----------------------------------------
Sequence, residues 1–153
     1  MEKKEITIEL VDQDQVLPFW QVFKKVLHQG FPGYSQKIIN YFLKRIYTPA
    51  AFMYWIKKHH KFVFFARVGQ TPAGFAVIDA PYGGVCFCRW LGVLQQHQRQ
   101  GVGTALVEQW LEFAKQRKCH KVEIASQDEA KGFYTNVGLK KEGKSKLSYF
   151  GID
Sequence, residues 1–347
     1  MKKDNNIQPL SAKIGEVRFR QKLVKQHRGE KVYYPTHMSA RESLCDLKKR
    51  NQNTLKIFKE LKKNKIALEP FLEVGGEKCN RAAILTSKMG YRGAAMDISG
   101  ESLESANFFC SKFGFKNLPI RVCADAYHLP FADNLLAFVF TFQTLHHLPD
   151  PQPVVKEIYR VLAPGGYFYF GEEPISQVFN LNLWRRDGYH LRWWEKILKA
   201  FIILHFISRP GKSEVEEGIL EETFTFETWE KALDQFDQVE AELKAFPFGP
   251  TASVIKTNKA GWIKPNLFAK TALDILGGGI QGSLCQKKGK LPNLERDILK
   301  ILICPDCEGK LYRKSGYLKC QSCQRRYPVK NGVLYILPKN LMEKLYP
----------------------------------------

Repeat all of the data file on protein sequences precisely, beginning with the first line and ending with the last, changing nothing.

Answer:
Sequence, residues 1–153
     1  MEKKEITIEL VDQDQVLPFW QVFKKVLHQG FPGYSQKIIN YFLKRIYTPA
    51  AFMYWIKKHH KFVFFARVGQ TPAGFAVIDA PYGGVCFCRW LGVLQQHQRQ
   101  GVGTALVEQW LEFAKQRKCH KVEIASQDEA KGFYTNVGLK KEGKSKLSYF
   151  GID
Sequence, residues 1–347
     1  MKKDNNIQPL SAKIGEVRFR QKLVKQHRGE KVYYPTHMSA RESLCDLKKR
    51  NQNTLKIFKE LKKNKIALEP FLEVGGEKCN RAAILTSKMG YRGAAMDISG
   101  ESLESANFFC SKFGFKNLPI RVCADAYHLP FADNLLAFVF TFQTLHHLPD
   151  PQPVVKEIYR VLAPGGYFYF GEEPISQVFN LNLWRRDGYH LRWWEKILKA
   201  FIILHFISRP GKSEVEEGIL EETFTFETWE KALDQFDQVE AELKAFPFGP
   251  TASVIKTNKA GWIKPNLFAK TALDILGGGI QGSLCQKKGK LPNLERDILK
   301  ILICPDCEGK LYRKSGYLKC QSCQRRYPVK NGVLYILPKN LMEKLYP